Tag: Outer Beltway
Routing 30,000 randomly-chosen trips through the paths suggested by 10,000 randomly-chosen geotags. These are perhaps the most interesting routes between the endpoints of the trips, even if not necessarily the most likely.Note that the routes go in & out of the city center, not around it. Makes you wonder who Gov. Bob McDonnell is really working for when he pushes terrible, incredibly expensive ideas like the Outer Beltway.
The state is borrowing $3 billion in state and federal funds on top of their normal annual spending for transportation, and we'll be paying this back for years. We should be setting smart priorities, but instead, VDOT is:It's not surprising Bob McDonnell's pandering to developers - he's gotten more than $5 million in campaign cash from developers, real estate & construction, by a wide margin his biggest source of private sector contributions. The Coalition for Smarter Growth has a 10-step transportation agenda for Northern Virginia - really radical stuff, like "Bring our local elected officials back to the table in transportation decision making."
Meanwhile, when asked to help fund critical Tysons Corner transportation needs, the Examiner reports that "Virginia's Transportation Secretary Sean Connaughton warned Fairfax to look elsewhere for cash."
- Reviving the controversial Outer Beltway through historic landscapes at Manassas Battlefield -- the first ten miles of which could cost $250 million to $475 million -- instead of focusing on fixing existing commuter routes in Northern Virginia.
- Shifting $200 million in statewide money to a bypass in Charlottesville that won't fix major local traffic problems.
- Giving $750 million of our tax dollars to subsidize a private toll road (Route 460) through empty farmland southeast of Richmond.
Tell Gov. McDonnell to put our transportation dollars towards real solutions.
Traffic science struggles to keep cars flowing on highways in D.C. and elsewhere - we know exactly how to keep traffic flowing, but drivers would rather pay less to sit in gridlock:
First, we don't hate spending time in our cars as much as we pretend to. How do I know? "Because building more roads doesn't improve traffic flow," says Chris Barrett, a Virginia Tech professor who constructs traffic modeling systems and was involved in the Los Alamos effort. "If you decrease the amount of time it takes to travel a certain distance to work, people just move farther away from their offices [for larger yards and cheaper housing, instead of staying put to reduce their commutes]. It changes behavior in a negative way."That's not a failure of science. That's a failure of political will. So instead of gridlock-busting congestion pricing that could be used to fix Metro, we get Gov. Bob McDonnell (R-VA) trying to make it look like he's doing something by pushing terrible ideas like the Outer Beltway and Charlottesville Bypass that will cost taxpayers enormous sums of money without easing traffic.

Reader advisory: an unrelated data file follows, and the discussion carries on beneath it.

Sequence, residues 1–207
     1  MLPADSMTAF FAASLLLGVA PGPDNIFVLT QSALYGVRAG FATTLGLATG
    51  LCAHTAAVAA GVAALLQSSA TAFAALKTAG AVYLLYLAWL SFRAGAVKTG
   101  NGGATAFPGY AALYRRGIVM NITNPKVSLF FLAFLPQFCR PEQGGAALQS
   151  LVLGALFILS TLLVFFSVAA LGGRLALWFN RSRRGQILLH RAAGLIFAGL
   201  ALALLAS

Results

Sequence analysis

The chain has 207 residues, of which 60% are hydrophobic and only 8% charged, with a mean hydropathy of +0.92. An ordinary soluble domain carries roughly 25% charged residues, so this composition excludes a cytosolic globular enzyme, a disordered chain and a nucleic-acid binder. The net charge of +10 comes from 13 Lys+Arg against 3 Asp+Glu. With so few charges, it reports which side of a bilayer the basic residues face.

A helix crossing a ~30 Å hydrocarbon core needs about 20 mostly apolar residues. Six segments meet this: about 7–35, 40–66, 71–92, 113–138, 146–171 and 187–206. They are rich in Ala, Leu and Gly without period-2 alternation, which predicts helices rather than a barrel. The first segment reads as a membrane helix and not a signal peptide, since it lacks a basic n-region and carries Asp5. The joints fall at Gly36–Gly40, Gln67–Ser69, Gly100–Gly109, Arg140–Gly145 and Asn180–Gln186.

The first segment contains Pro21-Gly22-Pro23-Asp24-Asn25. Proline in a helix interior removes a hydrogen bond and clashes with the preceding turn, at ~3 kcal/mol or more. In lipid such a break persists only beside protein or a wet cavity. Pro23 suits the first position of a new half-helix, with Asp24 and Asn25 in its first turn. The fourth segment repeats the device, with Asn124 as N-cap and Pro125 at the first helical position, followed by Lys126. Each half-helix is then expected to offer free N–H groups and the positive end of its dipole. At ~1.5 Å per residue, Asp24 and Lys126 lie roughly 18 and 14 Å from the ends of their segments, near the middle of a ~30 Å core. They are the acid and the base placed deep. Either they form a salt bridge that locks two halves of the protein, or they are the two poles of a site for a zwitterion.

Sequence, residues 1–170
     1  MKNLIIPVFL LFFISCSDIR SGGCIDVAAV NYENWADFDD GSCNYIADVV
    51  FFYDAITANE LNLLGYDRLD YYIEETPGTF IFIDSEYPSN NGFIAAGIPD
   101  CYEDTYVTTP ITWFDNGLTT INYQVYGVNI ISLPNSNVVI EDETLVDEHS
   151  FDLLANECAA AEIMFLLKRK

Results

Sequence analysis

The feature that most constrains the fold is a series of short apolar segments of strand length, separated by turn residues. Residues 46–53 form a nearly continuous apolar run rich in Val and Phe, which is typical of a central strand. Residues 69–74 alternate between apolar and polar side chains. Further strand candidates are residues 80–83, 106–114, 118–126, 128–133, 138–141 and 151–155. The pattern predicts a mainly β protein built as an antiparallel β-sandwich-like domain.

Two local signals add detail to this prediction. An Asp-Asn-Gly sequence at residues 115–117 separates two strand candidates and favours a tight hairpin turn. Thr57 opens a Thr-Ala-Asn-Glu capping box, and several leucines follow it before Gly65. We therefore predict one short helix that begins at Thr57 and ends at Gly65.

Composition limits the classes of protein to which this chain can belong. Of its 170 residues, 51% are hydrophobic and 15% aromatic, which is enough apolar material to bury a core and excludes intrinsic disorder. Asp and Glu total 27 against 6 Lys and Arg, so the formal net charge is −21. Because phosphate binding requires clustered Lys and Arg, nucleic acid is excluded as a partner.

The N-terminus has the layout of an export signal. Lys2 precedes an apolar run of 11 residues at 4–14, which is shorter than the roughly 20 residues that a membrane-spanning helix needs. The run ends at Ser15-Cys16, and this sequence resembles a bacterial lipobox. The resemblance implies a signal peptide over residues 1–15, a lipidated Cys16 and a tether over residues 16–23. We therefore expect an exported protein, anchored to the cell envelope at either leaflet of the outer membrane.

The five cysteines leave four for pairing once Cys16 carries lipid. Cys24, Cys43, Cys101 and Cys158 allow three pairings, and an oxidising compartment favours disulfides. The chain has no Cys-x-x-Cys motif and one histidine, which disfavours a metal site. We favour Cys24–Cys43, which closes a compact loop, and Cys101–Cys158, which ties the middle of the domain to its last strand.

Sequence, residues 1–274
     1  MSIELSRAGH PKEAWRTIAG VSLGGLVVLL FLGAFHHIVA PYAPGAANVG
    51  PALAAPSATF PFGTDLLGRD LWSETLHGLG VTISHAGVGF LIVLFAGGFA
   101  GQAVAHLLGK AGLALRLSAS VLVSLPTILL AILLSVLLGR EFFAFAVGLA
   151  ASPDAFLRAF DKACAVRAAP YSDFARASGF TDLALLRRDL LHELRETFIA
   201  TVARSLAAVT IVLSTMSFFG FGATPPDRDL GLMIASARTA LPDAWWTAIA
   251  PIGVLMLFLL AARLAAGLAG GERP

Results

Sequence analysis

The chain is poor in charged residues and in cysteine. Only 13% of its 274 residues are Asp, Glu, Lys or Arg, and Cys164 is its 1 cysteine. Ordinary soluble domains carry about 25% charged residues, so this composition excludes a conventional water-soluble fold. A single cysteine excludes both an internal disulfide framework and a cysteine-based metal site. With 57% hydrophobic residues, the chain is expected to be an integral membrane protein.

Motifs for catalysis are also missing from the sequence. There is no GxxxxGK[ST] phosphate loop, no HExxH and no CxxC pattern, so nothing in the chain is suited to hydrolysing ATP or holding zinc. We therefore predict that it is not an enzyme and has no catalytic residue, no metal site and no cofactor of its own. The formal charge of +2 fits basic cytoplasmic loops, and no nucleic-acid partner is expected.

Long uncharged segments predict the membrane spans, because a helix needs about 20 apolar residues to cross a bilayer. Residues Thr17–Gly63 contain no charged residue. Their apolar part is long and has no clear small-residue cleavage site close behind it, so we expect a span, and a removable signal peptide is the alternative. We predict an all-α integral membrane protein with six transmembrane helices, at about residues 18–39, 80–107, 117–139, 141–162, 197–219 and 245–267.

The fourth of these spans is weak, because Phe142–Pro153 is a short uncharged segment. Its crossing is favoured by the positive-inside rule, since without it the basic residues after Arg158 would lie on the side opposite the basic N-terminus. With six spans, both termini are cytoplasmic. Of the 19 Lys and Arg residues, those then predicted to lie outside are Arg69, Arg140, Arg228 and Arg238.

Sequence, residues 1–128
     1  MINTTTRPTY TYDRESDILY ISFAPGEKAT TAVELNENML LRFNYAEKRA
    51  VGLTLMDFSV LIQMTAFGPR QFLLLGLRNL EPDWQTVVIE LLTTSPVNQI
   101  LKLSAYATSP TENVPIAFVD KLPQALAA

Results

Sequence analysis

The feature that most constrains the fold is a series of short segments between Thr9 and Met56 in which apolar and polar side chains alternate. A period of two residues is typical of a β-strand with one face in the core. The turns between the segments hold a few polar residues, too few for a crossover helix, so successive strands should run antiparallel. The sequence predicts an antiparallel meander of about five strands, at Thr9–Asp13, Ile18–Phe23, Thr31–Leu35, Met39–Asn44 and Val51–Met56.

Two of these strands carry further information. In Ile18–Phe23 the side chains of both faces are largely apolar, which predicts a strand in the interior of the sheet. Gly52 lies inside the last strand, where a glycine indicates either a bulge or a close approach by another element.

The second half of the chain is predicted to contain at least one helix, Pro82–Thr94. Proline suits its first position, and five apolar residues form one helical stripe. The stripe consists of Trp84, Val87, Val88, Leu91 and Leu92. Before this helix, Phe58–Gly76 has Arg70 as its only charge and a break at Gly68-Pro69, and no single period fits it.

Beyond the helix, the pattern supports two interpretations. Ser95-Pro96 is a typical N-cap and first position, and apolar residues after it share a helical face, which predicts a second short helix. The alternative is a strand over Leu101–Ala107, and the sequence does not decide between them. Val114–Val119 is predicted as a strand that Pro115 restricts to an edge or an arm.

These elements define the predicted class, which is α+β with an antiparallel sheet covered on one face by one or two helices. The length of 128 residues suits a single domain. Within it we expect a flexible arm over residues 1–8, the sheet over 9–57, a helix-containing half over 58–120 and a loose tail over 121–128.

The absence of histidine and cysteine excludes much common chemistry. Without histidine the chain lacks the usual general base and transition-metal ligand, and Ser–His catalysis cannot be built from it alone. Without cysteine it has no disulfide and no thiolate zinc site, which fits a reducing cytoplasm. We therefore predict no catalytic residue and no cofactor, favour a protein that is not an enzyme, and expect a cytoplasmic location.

Moreover, people have strongly resisted the best congestion-fighting tool that can be immediately implemented. Every traffic expert I spoke with pointed out the runaway success of London's congestion pricing system. Drivers who want to enter the heart of the city during busy times have to pay 10 pounds - about $16. The system has made a huge difference in reducing congestion, and the city is using the extra revenue to renovate the subway and add buses.
New York Mayor Michael Bloomberg tried to adopt a similar strategy in 2007, but the state government killed it. A congestion tax has never gotten anywhere in the D.C. area, which one recent survey found was first in the nation as measured by hours wasted stuck in traffic.
But as David Alpert writes at GreaterGreaterWashington.org, the main reason an Outer Beltway would be a boondoggle is that it simply wouldn't ease regional traffic congestion:
The mobility problems outside the beltway are primarily about getting to and from the core, plus the local trips tied up by inadequate local street connections. Yes, traffic is bad for many people, and that's something planners need to address instead of dismissing.That "or three" is no joke - road advocates NVTA envision no fewer than six Beltways (PDF).
However, more beltways will only accommodate a small fraction of the trips involved. Most people will still drive toward or away from the job centers at or inside the beltway, in DC, Bethesda, Silver Spring, Tysons Corner, Arlington, and Alexandria. An Outer Beltway or three doesn't help with that at all.